As he does with the ‘wash’ works, Hernández reminds us that paint is primarily a building material and the event of painting is that of the construction of surface, but also off the surface.
If the ‘wash’ paintings can be thought of as cuts or abrasions to the skin of the paint, then one might liken Hernández’s second avenue of production, in which he heavily builds up an intense impasto-like painted surface, to the paint clotting. Surveying these lumpy, mountainous works, we naturally reach for all sorts of onomatopoeia. Gloopy, gooey, glunky. Mucky, murky, molten. As he does with the ‘wash’ works, Hernández reminds us that paint is primarily a building material and the event of painting is that of the construction of surface, but also off the surface.
During its production Untitled, 2017, colonised the floor of Hernández’s studio; hung on the gallery wall the eyes are left to wander this landscape up close, following and losing oneself in its ravines, pools and caverns of multicolour. There is natural tendency to relate this work – which the artist refers to as a ‘palette’ painting – back to second generation abstract expressionism, yet Hernández’s practice here is less a statement of the autobiographical gesture, than a construction of autobiographical process. In part Untitled can be considered a diary of the studio: much of this amassed mix of acrylic, oil and alkyd paint moulded and mashed onto the reinforced canvas is left over from other paintings (Hernández is prone to work on several simultaneously at any one moment). On coining the term ‘action painting’ in 1952 critic Harold Rosenberg noted painting as becoming ‘an arena in which to act… what was to go on the canvas was not a picture but an event.’ In Hernández’s case however, over half a century later, the canvas of this sculptural painting is borne not of an event, but many; it does not recall a single act, but is a record of time and production, a grand souvenir of the artist’s everyday dealing with the materiality of paint.
In most, a sense of organic instability runs rife…
This is not to say that this work is unconsidered. There is a distinct decision process evident in this painting and in Hernández’s other, smaller, impasto works. Autumnal shades of brown, red, orange and yellow are moulded out into a cratered surface of Untitled, 2017. A dark glossy pink draws the eye just off-centre. An oily black agitates the composition. Some of these paintings have a lighter, more delicate feel to them – in Untitled, 2017, similar seasonal shades of yellow waltz exuberantly across the surface – yet in most a sense of organic instability runs rife. In Untitled, 2016, shades of blue and turquoise dominate the top left of the canvas. This island is surrounded by vast swathes of both raw canvas and swishes of grey, black and brown paint. There is an elemental impact to the blue area of paint, but this is purposely undercut with the introduction of mucky lumpen blobs of brown to this area. There is something bodily to this disruption, a knowing subversion of the sensual nature of colourfield painting that this work in part recalls. There’s a welcome tension, a counterproductive mode as these works balance the natural seduction of amassed colour, with moments of repulsion. For every desire to touch this work (which is one we must suppress, of course), the visceral sticky, oily nature of the finish repels. One is left with the impression that, despite the natural joy in seeing paint and colour dance together, there is a brooding darkness underpinning that bloody red, the peaky yellow.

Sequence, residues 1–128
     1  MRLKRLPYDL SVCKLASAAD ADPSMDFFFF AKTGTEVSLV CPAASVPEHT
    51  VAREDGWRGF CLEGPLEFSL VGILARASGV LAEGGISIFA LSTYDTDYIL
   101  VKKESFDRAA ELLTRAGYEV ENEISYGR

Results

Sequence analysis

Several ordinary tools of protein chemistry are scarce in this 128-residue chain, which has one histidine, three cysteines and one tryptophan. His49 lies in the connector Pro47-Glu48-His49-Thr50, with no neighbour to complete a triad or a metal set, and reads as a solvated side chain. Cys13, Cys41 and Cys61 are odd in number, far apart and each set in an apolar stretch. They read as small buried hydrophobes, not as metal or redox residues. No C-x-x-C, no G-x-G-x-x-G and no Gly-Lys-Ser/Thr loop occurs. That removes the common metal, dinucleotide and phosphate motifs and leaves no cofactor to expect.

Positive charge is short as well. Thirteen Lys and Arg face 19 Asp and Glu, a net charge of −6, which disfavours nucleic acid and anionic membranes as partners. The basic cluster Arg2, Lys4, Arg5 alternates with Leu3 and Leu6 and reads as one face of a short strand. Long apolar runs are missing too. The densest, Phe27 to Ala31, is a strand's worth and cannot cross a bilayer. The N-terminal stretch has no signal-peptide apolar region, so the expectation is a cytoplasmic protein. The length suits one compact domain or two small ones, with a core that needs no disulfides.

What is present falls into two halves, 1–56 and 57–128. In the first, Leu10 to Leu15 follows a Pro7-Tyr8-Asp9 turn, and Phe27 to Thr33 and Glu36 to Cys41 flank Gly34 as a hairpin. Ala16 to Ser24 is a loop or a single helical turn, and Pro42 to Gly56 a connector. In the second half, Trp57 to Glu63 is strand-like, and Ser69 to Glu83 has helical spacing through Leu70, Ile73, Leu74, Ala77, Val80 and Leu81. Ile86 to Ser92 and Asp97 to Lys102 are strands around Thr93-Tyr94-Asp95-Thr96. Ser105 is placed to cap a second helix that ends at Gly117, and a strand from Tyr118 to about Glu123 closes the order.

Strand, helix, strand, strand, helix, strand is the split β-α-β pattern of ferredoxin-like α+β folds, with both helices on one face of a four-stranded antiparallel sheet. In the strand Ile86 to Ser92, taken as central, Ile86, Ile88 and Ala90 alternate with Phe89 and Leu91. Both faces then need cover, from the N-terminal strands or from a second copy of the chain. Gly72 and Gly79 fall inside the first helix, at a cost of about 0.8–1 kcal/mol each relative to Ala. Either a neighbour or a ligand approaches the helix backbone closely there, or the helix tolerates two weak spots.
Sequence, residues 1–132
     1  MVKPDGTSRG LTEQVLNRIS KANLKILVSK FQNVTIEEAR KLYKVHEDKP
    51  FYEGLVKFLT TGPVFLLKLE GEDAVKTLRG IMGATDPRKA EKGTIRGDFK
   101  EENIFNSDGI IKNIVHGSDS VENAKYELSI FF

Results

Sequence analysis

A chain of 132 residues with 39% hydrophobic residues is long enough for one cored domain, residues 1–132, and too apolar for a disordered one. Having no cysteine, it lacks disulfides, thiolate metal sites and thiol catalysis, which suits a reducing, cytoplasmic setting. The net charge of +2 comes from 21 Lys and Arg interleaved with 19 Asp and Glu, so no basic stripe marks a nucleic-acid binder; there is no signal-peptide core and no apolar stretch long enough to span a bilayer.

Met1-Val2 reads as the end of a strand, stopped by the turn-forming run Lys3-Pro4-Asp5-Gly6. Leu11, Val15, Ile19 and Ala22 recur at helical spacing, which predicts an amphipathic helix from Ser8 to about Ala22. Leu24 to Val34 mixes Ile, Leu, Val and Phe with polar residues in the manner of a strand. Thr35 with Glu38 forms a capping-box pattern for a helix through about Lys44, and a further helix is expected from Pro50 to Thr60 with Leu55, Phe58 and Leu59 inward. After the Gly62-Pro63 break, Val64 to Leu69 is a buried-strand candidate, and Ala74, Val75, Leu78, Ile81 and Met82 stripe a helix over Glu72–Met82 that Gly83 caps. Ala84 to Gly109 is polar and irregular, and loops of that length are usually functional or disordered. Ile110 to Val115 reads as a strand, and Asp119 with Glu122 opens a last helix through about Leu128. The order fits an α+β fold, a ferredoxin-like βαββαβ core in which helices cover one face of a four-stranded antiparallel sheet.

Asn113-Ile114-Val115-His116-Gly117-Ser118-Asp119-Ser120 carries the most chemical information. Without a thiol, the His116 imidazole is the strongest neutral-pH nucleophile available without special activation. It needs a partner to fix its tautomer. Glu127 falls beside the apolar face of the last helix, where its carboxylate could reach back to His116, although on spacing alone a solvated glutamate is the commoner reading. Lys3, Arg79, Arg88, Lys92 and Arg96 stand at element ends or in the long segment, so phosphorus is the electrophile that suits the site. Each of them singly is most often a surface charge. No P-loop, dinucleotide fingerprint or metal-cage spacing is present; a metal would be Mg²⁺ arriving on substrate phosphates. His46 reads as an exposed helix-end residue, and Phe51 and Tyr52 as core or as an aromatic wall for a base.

There is no backstory to these sitters other than the backstory of their own material production: Hernández’s enduring subject.
The passing of time and the deterioration of material is an integral part of the paintings in which Hernández works at his most figurative too. In the scratchy line markings of their composition one might hark back again to the rare portraiture produced by those artists associated with abstract expressionism. De Kooning’s Woman from 1948, for example, or the occasional inky sketches Franz Kline produced of himself. Yet these historic works are the product of limited mark making, where Hernández’s ‘invented portraits’, as he calls them, come into being through a much longer process of making and unmaking: they have an innate sense of history to them, that the older works do not. In this sense they are closer in aesthetic to a worn fly-poster.